NEW YORK (Reuters) - Victims of mass shootings in the United States often win little or no damages from perpetrators but the Las Vegas massacre may be different because the shooter is thought to have been a wealthy man, lawyers said.
While there are often few assets to collect from the young men who typically carry out these killings, Las Vegas shooter Stephen Paddock, 64, is thought to have had multi-million-dollar investments in buildings across Texas and California.
Paddocks’s estate has become a target for claimants in a case where victims and their families face an uphill battle holding liable the hotel and musical festival where the shooting rampage took place.
“It definitely depends on the assets in the estate whether you pursue that claim,” said Theida Salazar, a Los Angeles attorney who represented one of the victim’s families in the 2015 shooting in San Bernadino, California.
Paddock killed 58 people and injured hundreds more on Oct. 1 when he fired into the crowd gathered for a country music festival from his 32nd-floor suite at the Las Vegas Mandalay Bay hotel. The gunman killed himself before he could be apprehended.
His estate was named as a defendant in a complaint filed last week in Nevada state court. Attorneys who brought that action said they are planning to file more lawsuits.
Plaintiff Paige Gasper, who was wounded in the shooting, accused Paddock of battery and the intentional infliction of emotional distress. She also sued MGM Resorts International, the owner of the Mandalay Bay Resort and Casino; event organizer Live Nation Entertainment and the maker of a gun accessory Paddock used, Slide Fire Solution.
Another lawsuit on behalf of a California woman, Andrea Castilla, killed in the shooting was filed on Tuesday against the same defendants.
Eric Paddock, the shooter’s brother, did not respond to a request for comment, but he previously told the Las Vegas Review-Journal that he was administering his brother’s estate for the benefit of his victims.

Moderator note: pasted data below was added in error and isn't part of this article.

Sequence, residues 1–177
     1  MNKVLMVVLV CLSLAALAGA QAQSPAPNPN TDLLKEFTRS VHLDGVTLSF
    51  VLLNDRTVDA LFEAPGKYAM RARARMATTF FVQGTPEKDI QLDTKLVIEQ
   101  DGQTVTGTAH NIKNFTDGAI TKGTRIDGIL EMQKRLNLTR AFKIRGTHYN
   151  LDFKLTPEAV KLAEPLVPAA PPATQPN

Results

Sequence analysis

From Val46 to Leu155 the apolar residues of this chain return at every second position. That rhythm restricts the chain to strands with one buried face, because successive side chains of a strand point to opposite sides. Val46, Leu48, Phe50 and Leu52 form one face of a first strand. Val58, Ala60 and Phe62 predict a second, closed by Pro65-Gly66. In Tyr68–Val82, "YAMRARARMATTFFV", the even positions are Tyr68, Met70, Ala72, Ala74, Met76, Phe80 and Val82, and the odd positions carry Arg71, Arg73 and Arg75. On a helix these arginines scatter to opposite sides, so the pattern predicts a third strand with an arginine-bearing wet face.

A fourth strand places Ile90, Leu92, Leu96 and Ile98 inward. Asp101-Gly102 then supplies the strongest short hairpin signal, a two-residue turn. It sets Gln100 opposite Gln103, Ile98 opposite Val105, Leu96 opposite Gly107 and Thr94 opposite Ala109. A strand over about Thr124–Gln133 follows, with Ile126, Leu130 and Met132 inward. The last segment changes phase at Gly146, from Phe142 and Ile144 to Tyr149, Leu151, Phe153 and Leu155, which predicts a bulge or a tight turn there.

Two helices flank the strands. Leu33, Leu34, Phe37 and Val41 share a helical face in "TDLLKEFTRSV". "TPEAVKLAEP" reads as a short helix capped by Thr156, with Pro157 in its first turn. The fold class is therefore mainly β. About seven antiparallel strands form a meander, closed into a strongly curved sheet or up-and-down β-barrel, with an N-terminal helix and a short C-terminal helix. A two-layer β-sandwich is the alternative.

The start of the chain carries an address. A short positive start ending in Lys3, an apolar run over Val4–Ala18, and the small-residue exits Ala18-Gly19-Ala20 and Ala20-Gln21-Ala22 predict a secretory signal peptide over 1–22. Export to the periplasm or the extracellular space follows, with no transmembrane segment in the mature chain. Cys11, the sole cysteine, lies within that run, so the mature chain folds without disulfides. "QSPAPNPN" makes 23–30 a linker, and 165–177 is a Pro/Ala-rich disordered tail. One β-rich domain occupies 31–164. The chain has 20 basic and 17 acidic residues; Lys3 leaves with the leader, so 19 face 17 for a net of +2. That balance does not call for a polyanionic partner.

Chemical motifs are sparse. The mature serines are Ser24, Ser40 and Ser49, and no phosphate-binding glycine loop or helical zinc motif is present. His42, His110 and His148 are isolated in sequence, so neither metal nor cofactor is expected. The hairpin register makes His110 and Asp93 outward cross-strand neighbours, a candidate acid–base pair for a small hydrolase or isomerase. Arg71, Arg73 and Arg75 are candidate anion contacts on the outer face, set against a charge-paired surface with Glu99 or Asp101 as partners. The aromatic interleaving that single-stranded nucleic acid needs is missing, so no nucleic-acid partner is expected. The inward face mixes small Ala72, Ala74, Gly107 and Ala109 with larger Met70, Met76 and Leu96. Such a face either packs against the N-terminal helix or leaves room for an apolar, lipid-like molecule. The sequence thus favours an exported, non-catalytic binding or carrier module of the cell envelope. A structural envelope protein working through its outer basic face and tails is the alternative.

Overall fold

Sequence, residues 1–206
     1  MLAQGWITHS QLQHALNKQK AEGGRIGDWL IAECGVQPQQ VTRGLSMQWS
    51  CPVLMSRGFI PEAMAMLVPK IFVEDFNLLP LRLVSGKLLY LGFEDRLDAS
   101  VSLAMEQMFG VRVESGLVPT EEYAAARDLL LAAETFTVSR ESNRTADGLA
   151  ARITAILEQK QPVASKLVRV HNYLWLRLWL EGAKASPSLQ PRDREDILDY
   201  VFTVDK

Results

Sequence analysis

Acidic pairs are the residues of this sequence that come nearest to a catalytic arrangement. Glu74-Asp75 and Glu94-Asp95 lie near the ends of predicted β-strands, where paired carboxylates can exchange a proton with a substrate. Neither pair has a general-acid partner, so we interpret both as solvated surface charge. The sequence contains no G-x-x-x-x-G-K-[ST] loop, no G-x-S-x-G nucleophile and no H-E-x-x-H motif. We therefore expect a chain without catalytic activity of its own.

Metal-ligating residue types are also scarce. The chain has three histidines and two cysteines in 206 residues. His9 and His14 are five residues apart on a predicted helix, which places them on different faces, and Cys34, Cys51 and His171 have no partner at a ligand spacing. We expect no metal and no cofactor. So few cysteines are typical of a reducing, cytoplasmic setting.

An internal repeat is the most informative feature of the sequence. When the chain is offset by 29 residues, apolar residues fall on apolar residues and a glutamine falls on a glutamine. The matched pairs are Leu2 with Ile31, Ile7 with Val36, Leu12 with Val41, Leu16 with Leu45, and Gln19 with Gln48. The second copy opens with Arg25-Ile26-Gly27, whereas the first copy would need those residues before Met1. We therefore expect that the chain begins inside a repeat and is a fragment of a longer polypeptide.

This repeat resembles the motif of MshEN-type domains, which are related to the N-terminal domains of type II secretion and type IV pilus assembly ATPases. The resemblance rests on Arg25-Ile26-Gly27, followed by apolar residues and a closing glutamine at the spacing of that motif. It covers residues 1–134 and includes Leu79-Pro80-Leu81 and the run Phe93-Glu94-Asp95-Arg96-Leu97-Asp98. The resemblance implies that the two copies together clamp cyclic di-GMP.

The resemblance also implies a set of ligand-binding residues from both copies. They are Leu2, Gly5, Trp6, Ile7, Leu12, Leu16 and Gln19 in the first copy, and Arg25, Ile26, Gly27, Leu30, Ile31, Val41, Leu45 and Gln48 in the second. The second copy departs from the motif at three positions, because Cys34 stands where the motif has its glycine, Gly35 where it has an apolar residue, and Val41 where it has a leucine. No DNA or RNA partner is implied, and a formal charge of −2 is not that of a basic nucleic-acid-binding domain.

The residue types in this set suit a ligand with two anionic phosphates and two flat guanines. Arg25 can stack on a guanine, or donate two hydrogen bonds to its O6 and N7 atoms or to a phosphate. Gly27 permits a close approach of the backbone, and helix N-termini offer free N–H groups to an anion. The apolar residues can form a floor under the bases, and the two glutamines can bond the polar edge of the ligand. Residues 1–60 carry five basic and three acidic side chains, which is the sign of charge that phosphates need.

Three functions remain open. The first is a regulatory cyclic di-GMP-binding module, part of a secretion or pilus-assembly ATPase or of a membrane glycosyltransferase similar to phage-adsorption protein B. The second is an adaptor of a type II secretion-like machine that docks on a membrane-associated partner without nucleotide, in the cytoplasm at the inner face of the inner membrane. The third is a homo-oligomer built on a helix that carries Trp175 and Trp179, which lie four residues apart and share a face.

MGM and Live Nation declined to comment on pending litigation. Slide Fire never responded to a request for comment.
Legal experts said it was hard to hold premises and firearms manufacturers responsible for mass shootings.
Victor Schwartz, an attorney specializing in injury cases, said victims suing the Las Vegas hotel and event organizer would have to show the latter could have foreseen and taken steps to prevent the shooting. That would be difficult for such an extreme event, he said.
At the same time, Federal law specifically protects the makers of guns and ammunition from liability for the criminal use of their products.
Though Paddock’s estate will likely not be able to pay nearly as much as a large corporate defendant could, and individual payouts could be small given the number of victims, his liability for the shooting is beyond question.
Shooting victims would have the same claim on Paddock’s estate as those trying to collect unpaid bills, said Mark Solomon, a Las Vegas estate lawyer. Certain claims, such as unpaid taxes or an outstanding mortgage, would have higher priority.
However, among victims, the families of those killed would receive the highest amounts and those who suffered emotional distress and no physical harm would get the least, Solomon said.
Paddock’s heirs would not receive anything unless all creditors had been paid. Given the number of victims, there is unlikely to be anything left, legal experts said.
Any money Paddock gave away just before the shooting, like the $100,000 he is believed to have sent to his girlfriend Marilou Danley in the Philippines, might also be clawed back as a “fraudulent conveyance,” said Elizabeth Carter, an estate law professor at Louisiana State University.
Though recovery from shooters has been rare, victims have received substantial payments from younger shooters’ parents, who have been accused of insufficiently monitoring their children or failing to prevent them from accessing firearms.
The parents of the two teenagers who committed the 1999 Columbine high school shooting settled with most of the victims’ families for $1.6 million in 2001.
Reporting by Tina Bellon; Editing by Anthony Lin and Andrew Hay